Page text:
On Easter I baked a new pie which hinted of lemony, salty deliciousness in every bite. The recipe came from a magazine that was sent to me by a dear friend and baked in a yellow pie plate given to me by another. This is a story of friends, pie, and the power of Facebook.
A few weeks ago I received a thin brown envelope in the mail. When I opened it I pulled out a magazine and a two-page handwritten letter from Sue, a college friend and sorority sister who now lives in North Carolina. When she saw this pie issue she immediately thought of me, went out to purchase another copy, and then took the time to write a note. I was touched by her kind words and the effort she put into this simple gift.
Last week we traveled down to Alabama to spend a few days along the coast and also see friends of ours. One rainy night we invited them over to our little cottage to share wine, pizza, and many stories. Evelyn gave me a beautiful yellow pie plate, knowing how much I love to bake. My heart was grateful for this sweet present and the thought she put into it.
The remarkable thing about these two women is we would not be friends today if was not for Facebook, this mighty, often invasive, yet connective social media platform. Through Facebook posts I have gotten to know both of them through photos of their vacations, children, and pets. They are both kind, intelligent, and compassionate women, and my life would be emptier without them.
I met Sue at college after I pledged a sorority. We took classes together, yet we each had our own circles of friends that often didn’t intersect. After graduation we both went our separate ways: me to various cities and teaching jobs, she to Kansas City to teach and then work at Hallmark. A few years back we reconnected through Facebook, and then introduced each other to our husbands, children, and menageries of cats and dogs. When I retired early because of a health diagnosis, she messaged me to say she also suffered from it. She has continued to give me sound advice on how to manage it, from diet to vitamins. We both adore Pat Conroy books, the lilting and weighty sound of his words and we both mourned his passing a few years ago. We are intrinsically connected through books, good writing, and mutual admiration for one another.
I went to junior high and high school with Evelyn, but we were not friends. She ran with a wilder (her words!) crowd, breaking rules and howling at the moon. She and I existed in different universes. I attempted to quietly walk within those restrictive rules, believing I was unnoticed and invisible. When she first requested to be my friend on Facebook, I had to search my mental rolodex to remember who she was, but it did not take long for us to become true friends. Our children were close in age, and we ended up having much in common, despite the miles between us. After the tragic loss of another high school/Facebook friend, we reached out to one another and haven’t let go. Now we meet once a year down on the coast of Alabama. We laugh and cry and hold onto to one another through joys and losses, various medical procedures and health scares, stories of our children, and the precarious state of this country.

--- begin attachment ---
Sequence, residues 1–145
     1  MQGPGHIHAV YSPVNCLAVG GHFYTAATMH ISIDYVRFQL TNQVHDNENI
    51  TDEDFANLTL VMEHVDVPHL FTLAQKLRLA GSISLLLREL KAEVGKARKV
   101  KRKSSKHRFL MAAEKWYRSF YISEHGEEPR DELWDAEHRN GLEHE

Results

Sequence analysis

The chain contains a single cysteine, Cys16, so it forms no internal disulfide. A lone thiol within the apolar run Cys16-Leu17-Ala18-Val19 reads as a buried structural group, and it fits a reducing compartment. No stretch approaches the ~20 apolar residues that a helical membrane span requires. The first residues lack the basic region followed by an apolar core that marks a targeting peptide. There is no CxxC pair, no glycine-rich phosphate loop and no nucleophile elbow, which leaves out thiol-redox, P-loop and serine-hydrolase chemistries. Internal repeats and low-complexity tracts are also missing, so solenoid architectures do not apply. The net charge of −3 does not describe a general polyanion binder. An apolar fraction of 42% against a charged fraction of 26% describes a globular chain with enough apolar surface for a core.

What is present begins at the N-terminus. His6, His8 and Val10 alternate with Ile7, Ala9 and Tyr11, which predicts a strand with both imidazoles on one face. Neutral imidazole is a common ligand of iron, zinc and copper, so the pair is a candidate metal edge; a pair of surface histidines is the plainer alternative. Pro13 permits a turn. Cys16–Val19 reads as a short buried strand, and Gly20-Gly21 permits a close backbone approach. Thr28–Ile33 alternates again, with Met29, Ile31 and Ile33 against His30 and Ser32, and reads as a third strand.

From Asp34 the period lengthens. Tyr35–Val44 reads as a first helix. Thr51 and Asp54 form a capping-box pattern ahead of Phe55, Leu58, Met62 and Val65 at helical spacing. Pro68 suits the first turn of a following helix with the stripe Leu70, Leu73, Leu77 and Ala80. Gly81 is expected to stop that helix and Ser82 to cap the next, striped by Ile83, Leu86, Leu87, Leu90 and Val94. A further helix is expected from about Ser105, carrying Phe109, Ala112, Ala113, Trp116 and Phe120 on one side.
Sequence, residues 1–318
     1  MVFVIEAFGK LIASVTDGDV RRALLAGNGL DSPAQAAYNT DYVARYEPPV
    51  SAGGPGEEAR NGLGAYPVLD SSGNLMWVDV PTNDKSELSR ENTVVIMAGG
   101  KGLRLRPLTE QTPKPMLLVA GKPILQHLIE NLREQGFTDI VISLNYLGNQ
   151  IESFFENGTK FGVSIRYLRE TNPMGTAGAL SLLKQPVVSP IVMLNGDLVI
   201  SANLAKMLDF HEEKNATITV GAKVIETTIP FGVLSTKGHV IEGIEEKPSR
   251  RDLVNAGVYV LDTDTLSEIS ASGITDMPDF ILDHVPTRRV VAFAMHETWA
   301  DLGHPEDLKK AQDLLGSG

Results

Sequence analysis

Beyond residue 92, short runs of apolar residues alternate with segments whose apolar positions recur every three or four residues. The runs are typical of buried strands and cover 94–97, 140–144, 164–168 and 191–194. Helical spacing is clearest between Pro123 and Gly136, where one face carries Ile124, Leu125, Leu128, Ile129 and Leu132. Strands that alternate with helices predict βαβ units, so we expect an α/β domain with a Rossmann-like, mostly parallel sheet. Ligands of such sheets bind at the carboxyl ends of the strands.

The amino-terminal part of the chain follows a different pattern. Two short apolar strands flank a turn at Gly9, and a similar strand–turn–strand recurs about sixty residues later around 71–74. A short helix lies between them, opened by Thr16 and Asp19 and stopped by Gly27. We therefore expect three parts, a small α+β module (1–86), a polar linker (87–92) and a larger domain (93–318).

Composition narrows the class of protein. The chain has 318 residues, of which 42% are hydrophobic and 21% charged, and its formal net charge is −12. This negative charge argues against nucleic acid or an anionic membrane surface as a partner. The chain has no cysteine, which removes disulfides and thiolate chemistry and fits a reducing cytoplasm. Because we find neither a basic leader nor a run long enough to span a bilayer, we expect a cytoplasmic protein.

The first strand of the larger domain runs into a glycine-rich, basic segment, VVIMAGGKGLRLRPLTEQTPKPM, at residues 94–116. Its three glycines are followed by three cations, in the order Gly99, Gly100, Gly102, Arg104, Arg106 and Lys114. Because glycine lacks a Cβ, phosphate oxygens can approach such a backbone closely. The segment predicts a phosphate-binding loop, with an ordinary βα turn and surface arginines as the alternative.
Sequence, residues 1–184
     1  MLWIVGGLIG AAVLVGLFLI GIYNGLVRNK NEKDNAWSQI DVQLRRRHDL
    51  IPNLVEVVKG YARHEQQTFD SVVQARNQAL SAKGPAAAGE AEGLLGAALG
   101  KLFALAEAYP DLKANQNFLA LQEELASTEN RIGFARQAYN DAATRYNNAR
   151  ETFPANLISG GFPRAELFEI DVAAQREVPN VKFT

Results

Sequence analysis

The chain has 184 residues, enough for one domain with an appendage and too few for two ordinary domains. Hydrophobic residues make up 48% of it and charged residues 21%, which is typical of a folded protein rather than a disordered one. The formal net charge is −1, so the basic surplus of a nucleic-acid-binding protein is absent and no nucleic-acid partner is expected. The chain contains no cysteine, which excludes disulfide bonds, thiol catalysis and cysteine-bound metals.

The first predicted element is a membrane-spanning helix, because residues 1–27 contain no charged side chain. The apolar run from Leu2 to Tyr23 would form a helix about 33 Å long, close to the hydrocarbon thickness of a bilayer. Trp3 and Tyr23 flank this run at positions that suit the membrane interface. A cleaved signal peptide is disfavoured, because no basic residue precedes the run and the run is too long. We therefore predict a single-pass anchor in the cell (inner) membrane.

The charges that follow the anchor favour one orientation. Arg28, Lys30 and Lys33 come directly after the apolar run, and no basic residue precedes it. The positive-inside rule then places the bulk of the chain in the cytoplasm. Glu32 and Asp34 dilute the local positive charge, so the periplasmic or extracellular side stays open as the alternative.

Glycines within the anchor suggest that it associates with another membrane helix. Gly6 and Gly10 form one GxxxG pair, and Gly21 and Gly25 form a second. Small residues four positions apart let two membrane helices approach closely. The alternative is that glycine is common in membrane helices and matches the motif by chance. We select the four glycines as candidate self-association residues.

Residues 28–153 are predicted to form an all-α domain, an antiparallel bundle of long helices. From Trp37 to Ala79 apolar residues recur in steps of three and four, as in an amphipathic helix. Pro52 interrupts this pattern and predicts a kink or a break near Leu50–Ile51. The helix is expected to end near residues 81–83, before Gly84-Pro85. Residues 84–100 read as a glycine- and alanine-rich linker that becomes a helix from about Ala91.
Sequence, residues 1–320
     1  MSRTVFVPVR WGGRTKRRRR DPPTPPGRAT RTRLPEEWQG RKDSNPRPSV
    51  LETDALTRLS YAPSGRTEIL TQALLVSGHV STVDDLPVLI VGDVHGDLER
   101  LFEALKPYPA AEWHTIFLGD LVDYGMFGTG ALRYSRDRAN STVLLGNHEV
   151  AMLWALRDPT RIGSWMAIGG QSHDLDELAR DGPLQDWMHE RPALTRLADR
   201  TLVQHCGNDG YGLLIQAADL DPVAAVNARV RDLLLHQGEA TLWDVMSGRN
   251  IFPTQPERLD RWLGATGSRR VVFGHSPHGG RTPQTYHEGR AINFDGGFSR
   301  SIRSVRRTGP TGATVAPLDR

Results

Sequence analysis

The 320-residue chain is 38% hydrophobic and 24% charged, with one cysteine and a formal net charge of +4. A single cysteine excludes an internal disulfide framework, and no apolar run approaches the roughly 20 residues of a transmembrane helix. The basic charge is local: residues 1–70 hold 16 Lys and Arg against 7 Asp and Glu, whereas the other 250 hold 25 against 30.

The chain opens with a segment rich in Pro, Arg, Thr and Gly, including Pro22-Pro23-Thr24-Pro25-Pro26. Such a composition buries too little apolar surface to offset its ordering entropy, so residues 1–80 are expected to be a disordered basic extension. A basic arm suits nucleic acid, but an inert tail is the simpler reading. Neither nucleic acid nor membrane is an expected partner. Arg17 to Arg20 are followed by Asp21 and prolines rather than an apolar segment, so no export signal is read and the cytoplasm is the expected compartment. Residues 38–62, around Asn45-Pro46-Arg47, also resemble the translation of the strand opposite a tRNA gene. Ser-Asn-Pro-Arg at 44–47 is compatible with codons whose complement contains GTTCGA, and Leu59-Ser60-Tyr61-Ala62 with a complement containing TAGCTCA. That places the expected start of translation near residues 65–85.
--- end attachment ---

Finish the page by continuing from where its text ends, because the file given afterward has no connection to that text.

I adore these two women and count them among my dearest friends, even though Sue now lives in North Carolina and Evelyn in Alabama. Facebook has made it possible to be virtual pen pals, sharing our lives and our hearts with every message and photo.
Facebook is in some deep disgusting shit these days. It has allowed outside entities to scrape our data without our permission. Mark Zuckerberg has a lot of explaining AND fixing to do in order for us to trust him again, if that is even possible. Many, including me, have felt exposed and vulnerable. I’ve tightened up my privacy settings and removed apps that automatically connect to Facebook. I contemplated severing my ties to this behemoth, yet, here’s the thing. I like being connected. I adore seeing pictures of friends’ kids and grandkids. I love the inspirational sites I follow that often give me ideas for other blog pieces. Following journalists such as Dan Rather and Connie Schultz continue to offer up sane words for this fractured nation of ours. Through Facebook, I am even able to share my own crazy rambling words through this blog. Over the past few years I’ve attempted to purge negativity and ignorance from my page, which is a difficult and ongoing task. I no longer comment or try to debate with those who have different views than mine. If I am terribly offended, I unfollow or unfriend, and I also understand if others have done the same to me. I choose to discover intelligent information and bask in remarkable joy through my feed. It is my prerogative.
This is what I seek and often find in my social media platforms: hope. Hope in these far-flung friendships. Hope in the work of scholars, scientists, teenage activists, and poets. Hope in every photo of a new grandchild, sunset, and spring flower. And hope in pie. There is always hope in pie.